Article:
Once you know what is really the problem, then you can apply a more effective solution.

    I remember reading a case study where a university conducted an awareness campaign to incite students to get booster shots for their childhood vaccines. Nothing happened. After doing a bit of research, they modified the brochures to include a map showing the campus health clinic and the opening hours; many more students went to get their shots. Interestingly, the students already knew where the clinic was, but the reminder and the practical information about opening hours provided the extra trigger to transform awareness into action. (I think that example is from Malcolm Gladwell’s The Tipping Point).

    And Toni, communicators are not the only ones who resist measurement and evaluation for fear of what they might discover. I’ve had a non-communications boss who resisted including numerical objectives in a strategic plan because he viewed failure to reach them as a threat rather than as an opportunity for making improvements. I think there are probably personality and cultural issues that influence how such targets are perceived and experienced.

  3. I agree with Kristen, Heather and Tom, and would add on that responsible communication implies that whoever initiates the communicative relationship consider all the foreseeable consequences of the action.
    Which certainly does not mean freezing any action, but simply the notion that one take responsibility for the action, having weighed all consequences and responobily deciding to it anyway even if some undesired consequences might occur.

    On this basis, there are many studies from different countries demonstrating that often social communication initiatives, based both on advertising and/or public relations, have counterproductive consequences on individual behaviours.
    This, for example, is likely to happen when the behaviour or issue has reached a very high level of awareness/familiarity as drug abuse, smoking, breast cancer etc…. and/or when the source is hardly credible (as with many public or even private institutions or foundations) and/or when the contents are hardly credible.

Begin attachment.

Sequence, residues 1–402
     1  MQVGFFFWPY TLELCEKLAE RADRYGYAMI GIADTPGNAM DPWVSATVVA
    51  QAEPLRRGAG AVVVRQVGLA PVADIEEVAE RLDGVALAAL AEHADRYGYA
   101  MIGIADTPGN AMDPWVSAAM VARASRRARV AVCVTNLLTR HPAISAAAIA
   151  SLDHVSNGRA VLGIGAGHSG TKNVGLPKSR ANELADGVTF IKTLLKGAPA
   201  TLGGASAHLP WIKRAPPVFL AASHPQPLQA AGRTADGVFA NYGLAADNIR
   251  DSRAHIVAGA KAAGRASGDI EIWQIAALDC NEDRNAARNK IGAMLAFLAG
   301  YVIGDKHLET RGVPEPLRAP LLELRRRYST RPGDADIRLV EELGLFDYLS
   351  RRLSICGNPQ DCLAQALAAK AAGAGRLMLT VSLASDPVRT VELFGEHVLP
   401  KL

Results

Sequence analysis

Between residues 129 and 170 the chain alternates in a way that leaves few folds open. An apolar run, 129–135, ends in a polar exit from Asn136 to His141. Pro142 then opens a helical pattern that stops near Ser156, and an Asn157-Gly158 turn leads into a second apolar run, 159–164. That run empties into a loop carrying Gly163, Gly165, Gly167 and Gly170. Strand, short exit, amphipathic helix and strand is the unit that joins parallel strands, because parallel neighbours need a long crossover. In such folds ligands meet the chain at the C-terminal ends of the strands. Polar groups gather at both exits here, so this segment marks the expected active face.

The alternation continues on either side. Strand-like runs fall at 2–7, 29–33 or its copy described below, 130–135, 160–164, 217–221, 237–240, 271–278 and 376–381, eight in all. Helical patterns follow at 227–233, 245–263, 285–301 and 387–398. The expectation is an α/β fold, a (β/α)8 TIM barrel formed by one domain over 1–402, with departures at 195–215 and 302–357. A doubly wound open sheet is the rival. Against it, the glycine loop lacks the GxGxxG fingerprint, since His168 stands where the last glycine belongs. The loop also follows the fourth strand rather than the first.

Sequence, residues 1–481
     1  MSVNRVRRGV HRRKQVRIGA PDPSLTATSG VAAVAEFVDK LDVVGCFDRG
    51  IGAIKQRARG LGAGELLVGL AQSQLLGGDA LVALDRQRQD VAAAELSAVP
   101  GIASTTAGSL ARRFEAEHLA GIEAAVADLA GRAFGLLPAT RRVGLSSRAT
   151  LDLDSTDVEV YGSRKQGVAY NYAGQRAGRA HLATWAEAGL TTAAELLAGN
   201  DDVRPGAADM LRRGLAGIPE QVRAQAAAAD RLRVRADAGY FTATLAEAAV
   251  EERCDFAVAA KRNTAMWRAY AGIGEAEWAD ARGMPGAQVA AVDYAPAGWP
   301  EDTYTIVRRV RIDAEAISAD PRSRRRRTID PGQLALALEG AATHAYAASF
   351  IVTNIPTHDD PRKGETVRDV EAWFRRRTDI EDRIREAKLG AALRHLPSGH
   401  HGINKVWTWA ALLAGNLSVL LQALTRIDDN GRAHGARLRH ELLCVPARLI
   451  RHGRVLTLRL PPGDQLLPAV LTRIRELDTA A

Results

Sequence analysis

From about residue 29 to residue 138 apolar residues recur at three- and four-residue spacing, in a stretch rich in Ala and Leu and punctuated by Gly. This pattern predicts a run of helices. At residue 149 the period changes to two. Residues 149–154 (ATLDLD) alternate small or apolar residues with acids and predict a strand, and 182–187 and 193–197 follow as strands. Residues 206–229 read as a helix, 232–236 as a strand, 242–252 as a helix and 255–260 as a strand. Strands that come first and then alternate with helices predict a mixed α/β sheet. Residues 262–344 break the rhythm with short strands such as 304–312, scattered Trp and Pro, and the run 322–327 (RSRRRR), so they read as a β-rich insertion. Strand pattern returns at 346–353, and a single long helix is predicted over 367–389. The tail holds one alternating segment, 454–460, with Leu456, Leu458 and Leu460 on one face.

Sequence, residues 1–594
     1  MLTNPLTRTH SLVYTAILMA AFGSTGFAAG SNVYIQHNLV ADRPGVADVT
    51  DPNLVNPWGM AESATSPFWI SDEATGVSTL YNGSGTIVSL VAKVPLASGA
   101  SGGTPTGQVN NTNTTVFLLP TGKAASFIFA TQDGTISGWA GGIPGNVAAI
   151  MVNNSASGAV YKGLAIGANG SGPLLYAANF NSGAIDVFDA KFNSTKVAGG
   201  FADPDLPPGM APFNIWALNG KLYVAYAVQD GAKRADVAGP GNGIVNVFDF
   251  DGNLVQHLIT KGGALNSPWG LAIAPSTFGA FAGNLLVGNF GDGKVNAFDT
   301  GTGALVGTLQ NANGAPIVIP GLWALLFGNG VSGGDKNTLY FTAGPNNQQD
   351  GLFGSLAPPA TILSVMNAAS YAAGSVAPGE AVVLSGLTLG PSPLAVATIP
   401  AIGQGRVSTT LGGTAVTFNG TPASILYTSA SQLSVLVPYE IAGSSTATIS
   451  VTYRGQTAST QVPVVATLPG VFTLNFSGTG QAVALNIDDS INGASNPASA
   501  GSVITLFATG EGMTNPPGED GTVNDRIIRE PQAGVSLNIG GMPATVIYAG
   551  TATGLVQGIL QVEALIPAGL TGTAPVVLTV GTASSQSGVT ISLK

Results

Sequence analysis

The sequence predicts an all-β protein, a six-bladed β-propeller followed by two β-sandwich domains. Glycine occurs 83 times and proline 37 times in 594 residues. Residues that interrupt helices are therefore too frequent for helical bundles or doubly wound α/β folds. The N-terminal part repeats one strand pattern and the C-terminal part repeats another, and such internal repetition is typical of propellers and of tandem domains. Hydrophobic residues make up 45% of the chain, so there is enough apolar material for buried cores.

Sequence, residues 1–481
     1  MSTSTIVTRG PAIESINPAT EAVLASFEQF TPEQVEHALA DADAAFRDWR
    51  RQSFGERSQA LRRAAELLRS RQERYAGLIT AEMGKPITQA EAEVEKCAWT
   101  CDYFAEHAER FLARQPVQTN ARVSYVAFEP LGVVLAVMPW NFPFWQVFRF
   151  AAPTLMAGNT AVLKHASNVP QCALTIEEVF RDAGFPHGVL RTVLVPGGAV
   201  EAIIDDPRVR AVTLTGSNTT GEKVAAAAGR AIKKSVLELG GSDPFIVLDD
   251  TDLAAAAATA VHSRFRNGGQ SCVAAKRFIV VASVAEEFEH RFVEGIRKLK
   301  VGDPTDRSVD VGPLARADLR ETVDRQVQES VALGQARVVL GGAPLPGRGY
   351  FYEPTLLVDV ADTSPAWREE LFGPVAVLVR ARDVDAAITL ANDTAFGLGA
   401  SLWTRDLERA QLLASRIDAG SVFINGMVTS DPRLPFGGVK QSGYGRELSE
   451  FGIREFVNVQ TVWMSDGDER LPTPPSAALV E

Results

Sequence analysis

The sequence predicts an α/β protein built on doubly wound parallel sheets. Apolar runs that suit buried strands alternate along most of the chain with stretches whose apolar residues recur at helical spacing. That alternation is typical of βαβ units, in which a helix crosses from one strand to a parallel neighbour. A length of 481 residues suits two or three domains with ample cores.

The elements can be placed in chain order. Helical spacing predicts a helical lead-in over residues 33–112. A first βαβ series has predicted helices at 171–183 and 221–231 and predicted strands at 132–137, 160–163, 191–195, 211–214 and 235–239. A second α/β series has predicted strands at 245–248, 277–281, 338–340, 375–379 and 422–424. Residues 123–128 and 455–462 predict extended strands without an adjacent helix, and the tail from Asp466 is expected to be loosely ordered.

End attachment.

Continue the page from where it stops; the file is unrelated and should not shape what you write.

So, the three principal indicators of an effective communication, in my opinion, are source credibility, content credibility and content familiarity.
    These indicators are fairly easy to test before rolling out a communication initiative and I often wonder why this happens so rarely..maybe for the usual reason which discourages communicators from evaluation and measurement because they are so unsure of their own selves that they fear negative results?
    May I say that this is irrational behaviour?

    Public relations specifically and much more than advertising, if professionally practiced, has incredible power to modify both opinions and behaviours, which -as we have often argued in this blog- are two quite different animals and increasingly separated one from the other.

  4. Kristen and Heather, good comments and practical suggestions on how to improve the value of these kind of communication efforts. I wonder whether it is the medium that is making it too easy to simply click and respond, along with a greater sense of urgency to respond quickly, rather than to deliberate on a more thoughtful response to solicitations? I often catch myself feeling stretched for time, and when I read something online that requires action, I feel compelled to make a snap decision on whether to respond.

  5. Kristen – you have raised one of my major issues with so many PR campaigns which focus on “awareness” as an end goal.

    Often a lack of awareness is not the actual issue. For example, we are all aware of various health messages – stop smoking, do more exercise, eat five portions of fruit and veg… but do not follow through. As a result, we just get more awareness campaigns – often involving the wrong medium (advertising) which tell us the same message in a different way – yet still doesn’t help address whatever is stopping us from the behavioural change.

    If a cognitive goal is required (and that may be the case rather than a behavioural one) – why not consider understanding, knowledge of, or something that focuses on the psychological issue to be addressed rather than the vague mental state of “awareness”.

    Of course, in some cases, publics may not be aware of an issue – but even then, as you say, this is just a first step. So the PR campaign needs to go beyond that initial awareness and into emotionally engaging, gaining support or whatever is the outcome required.

    One of my students recently told me that the UK governments’s “Five a Day” campaign had increased levels of awareness whilst at the same time, the reported level of eating five fruit/veg portions a day decreased!